Recovery Partnership: State of the Sector 2015
In late 2013 DrugScope, on behalf of the Recovery Partnership, conducted the first State of the Sector survey, the findings of which were reported in January 2014.
Consultation for the second report followed a year later, being published in early 2015 .
This, the third State of the Sector report, has been produced by Adfam on behalf of the Recovery Partnership and draws on an online survey and series of telephone interviews conducted between September and December 2015. It uses the findings from a substantial online survey and a series of interviews with senior figures in the sector to evaluate the experiences of community drug and alcohol treatment services in England.
1. Key points
The 2015 State of the Sector survey for adult community and residential services includes responses from 176 services from across England. A survey of prison drug and alcohol services has also been conducted as part of the project. This will be published at a later date as an annexe to this report.
Over three times as many community services (40 services or 38%) reported a decrease in funding compared to those reporting an increase (12 services or 11%).
Of residential services, six times as many (18 or 58%) reported a decrease in funding compared to those reporting an increase (3 or 10%). A significant proportion from both categories stated ‘no change’. Commissioning cycles and contract length 44% of services had been through tendering or contract re-negotiation in the previous year. Half (49%) expected to go through one of these processes during the year ahead.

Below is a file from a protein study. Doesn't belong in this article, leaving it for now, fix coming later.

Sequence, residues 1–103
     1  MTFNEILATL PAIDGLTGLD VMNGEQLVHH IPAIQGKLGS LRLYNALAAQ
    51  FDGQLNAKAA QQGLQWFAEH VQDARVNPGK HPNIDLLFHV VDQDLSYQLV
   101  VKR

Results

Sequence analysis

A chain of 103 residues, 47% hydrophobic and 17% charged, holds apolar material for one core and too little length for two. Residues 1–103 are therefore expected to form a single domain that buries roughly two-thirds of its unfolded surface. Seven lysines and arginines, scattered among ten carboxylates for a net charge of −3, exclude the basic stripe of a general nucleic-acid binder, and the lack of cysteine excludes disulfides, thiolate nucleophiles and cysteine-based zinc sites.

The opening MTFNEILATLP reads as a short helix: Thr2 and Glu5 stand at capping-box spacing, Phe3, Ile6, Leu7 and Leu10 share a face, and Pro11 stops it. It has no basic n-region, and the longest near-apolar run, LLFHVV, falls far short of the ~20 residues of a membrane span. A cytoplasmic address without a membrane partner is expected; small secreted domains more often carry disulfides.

The delivery of services
• A quarter (26%) of services reported an increase of 10% or more in numbers of clients accessing services and 8% reported a decrease of the same size.
• Beyond addressing substance use itself, respondents indicated that the most significant support needs service users experience included issues around self-esteem, physical and mental health, employment support, and financial support and advice.
• A fifth of respondents feel that access to mental health services and housing/ housing support has worsened over the last year – indicating that better joined-up support for people with dual diagnosis and multiple and complex needs is still required.
• 61% respondents were confident that their service has the skills, knowledge and support to engage with the new naloxone legislation which came into force in October 2015.
• At least 86% of respondents employ people with lived experience of the treatment system (known as “recovery champions”, “peer supporters” etc). 68% actively recruit people with lived experience of treatment as paid employees and 94% recruit former service users as volunteers.